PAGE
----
In Vtech Apple Part 1 I got started bending my new Apple toy by adding a kill switch and audio output. Now with those modifications in place we can really start to have fun with the circuit, today I’ll be taking you through some cursory circuit exploration and I’ll add my first bend to the circuit, a basic pitch/clock control. Before we get to far in though I’d like to go over the 2 main techniques I use to explore a circuit for possible bends :
Lick and Stick
This is something of a “wide brush” approach as it is not exact but can help to identify areas where bends will be possible. Typically the first thing I do when I open up a circuit is trigger a noise, lick one of my fingers and begin lightly pressing on different solder connections across the board. When doing this your finger will act as a connection between the points it touches (with a small amount of resistance added) and you should be able to start eliciting different reactions from the circuit. As you go mark down on a photograph or a piece of paper where you were able to get different effects from.
Once you have found some possible bend points it is time to refine and identify exactly which points you’ll be attaching wires to. To do this it is best to use a set of connected probes. If you do not have probes on hand you can make an impromptu set very easily by connecting two jewelers screw drivers with a set of alligator clips. Touch the probes to the different solder points you identified with the “lick and stick” method, To explore further options you can try placing different resistors or a potentiometer between the probes with alligator clips. Again mark down any bend points you identify on a photograph of the circuit or a piece of scrap paper.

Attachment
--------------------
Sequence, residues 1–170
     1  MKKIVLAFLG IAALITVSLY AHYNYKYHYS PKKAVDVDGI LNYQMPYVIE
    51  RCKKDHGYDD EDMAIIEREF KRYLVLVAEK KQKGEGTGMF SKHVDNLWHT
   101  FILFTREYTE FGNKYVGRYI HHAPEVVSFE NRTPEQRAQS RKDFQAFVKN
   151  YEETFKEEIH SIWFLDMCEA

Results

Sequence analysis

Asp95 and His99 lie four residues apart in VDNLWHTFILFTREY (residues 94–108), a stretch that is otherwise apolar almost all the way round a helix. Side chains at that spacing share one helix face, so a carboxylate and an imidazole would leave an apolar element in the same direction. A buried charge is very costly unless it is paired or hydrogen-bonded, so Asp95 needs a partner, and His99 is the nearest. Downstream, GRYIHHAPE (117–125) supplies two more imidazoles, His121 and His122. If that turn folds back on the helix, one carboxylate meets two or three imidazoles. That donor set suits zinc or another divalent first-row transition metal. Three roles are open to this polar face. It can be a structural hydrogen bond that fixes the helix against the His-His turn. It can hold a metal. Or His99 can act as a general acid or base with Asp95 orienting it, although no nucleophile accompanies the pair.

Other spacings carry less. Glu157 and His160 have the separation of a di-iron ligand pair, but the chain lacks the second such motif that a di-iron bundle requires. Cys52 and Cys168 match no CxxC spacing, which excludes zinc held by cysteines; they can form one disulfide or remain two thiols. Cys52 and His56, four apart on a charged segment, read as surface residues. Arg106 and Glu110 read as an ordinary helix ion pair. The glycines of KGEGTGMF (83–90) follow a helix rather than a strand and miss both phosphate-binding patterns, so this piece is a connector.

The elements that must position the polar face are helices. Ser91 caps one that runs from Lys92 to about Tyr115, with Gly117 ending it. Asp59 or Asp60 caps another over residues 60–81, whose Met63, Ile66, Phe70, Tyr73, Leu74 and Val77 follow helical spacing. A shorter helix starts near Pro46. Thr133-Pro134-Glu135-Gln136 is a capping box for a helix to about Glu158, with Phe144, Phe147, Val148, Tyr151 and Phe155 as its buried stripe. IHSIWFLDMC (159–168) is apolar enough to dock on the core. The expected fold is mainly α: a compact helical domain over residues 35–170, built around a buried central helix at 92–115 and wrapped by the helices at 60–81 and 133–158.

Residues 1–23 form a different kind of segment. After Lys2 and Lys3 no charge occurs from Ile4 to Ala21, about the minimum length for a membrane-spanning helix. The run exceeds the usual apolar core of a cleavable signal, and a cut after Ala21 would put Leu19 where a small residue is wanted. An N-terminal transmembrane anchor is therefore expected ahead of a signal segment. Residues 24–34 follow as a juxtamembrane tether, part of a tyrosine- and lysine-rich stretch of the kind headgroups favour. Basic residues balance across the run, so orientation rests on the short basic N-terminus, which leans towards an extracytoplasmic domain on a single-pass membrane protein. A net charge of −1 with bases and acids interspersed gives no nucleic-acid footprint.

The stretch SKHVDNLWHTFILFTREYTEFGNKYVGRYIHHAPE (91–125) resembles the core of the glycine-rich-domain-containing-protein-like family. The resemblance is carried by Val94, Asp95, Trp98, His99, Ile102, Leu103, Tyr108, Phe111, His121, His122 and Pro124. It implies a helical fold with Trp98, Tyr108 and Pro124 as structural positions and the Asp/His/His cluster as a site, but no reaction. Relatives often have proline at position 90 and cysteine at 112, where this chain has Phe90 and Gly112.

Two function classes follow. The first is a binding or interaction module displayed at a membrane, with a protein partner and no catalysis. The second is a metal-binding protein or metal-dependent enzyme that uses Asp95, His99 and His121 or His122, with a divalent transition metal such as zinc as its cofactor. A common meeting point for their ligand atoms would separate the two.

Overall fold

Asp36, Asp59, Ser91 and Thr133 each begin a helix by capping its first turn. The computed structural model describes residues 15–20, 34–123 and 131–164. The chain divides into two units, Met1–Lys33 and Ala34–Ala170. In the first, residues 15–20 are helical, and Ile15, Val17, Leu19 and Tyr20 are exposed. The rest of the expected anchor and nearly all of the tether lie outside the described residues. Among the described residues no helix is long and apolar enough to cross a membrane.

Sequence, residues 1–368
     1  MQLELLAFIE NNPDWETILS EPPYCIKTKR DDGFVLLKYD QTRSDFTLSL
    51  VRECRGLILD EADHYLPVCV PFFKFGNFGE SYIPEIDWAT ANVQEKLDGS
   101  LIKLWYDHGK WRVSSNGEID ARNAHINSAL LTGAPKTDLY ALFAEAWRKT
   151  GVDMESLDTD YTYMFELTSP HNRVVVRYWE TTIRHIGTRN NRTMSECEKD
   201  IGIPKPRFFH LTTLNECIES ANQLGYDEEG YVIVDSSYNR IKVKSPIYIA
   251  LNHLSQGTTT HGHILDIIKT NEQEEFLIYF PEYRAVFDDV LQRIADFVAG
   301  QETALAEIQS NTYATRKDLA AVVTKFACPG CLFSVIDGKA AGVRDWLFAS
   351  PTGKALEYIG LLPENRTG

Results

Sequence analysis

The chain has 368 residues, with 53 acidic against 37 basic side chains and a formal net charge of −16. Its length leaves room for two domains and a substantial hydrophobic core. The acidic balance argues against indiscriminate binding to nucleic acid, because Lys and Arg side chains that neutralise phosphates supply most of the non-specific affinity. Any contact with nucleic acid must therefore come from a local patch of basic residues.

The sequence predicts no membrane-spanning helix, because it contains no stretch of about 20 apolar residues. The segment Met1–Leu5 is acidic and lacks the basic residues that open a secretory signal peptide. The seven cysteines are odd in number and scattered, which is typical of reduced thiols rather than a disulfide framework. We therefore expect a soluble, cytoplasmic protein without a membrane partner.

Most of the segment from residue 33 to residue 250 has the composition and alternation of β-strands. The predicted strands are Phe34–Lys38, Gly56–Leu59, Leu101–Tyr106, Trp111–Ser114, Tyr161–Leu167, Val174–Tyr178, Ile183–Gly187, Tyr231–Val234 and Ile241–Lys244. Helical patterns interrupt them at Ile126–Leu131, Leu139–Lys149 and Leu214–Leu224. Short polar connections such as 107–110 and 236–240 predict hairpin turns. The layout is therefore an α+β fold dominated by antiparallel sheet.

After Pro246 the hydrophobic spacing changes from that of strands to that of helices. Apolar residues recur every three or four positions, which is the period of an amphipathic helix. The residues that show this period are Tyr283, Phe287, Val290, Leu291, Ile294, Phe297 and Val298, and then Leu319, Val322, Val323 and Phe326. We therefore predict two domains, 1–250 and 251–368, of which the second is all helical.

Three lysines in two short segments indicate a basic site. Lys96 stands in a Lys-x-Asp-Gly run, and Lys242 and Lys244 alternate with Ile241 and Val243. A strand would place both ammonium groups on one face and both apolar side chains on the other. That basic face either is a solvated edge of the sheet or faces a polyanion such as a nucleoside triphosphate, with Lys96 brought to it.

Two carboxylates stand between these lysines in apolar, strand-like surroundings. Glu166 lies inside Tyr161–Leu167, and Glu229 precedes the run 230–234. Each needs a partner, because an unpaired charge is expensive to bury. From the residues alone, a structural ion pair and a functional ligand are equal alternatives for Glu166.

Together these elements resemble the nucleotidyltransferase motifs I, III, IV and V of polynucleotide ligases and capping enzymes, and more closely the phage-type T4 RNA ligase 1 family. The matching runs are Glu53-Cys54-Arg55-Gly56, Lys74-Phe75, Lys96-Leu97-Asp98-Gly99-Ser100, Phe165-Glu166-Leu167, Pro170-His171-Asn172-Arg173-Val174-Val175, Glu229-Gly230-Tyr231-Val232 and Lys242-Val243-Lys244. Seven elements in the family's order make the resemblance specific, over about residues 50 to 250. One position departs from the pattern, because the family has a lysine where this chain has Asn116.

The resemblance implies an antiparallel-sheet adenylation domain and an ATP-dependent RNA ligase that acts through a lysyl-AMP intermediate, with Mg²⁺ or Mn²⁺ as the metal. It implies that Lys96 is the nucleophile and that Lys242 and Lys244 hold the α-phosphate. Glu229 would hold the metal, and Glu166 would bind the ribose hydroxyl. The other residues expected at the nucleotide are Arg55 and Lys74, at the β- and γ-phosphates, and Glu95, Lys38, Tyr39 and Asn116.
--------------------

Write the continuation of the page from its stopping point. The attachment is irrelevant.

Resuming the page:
Typically the first bend I complete on a toy once I’ve explored the circuit is a basic pitch bend. On most toys the clock speed for the processor is set by a resistor placed somewhere on the board, through my exploration of the circuit I was able to identify that this was done using the resistor marked R1 on the bottom of the circuit board (highlighted above) when I bridged this resistor with my probes or with another smaller resistor the audio sped up substantially and the pitch rose.
From here I removed this resistor using my de-soldering tool and attached two lengths of wire, one from each end of where the resistor had been. Once these two wires are in place you can begin experimenting with different potentiometer values to find the one which works best. I will often also experiment with a rudimentary voltage divider by attaching the third lug on the potentiometer to ground which often gives you a wider range of pitch though I did not have success with that method on this particular toy. I ended up getting the best results using a 1M linear potentiometer. With this toy I also found whenever the potentiometer was turned to too low of a resistance the toy crashed. I was able to solve this problem by adding a 47K ohm resistor along one of the wires leading to the potentiometer to stop the resistance from ever dropping below that point.
Once you’ve soldered the potentiometer and resistor in place you need only to drill a hole, fasten the pot in place and secure the wires. Close up the toy and you’re done, you’ve now got a pitch bend knob to modify the pitch and speed of your devices audio output. During my exploration I was able to identify a few more possible bend points so next time we can start getting into those and perhaps find an interesting way to fill the extra hole I made on the left side of the above picture. Until next time, Have Fun!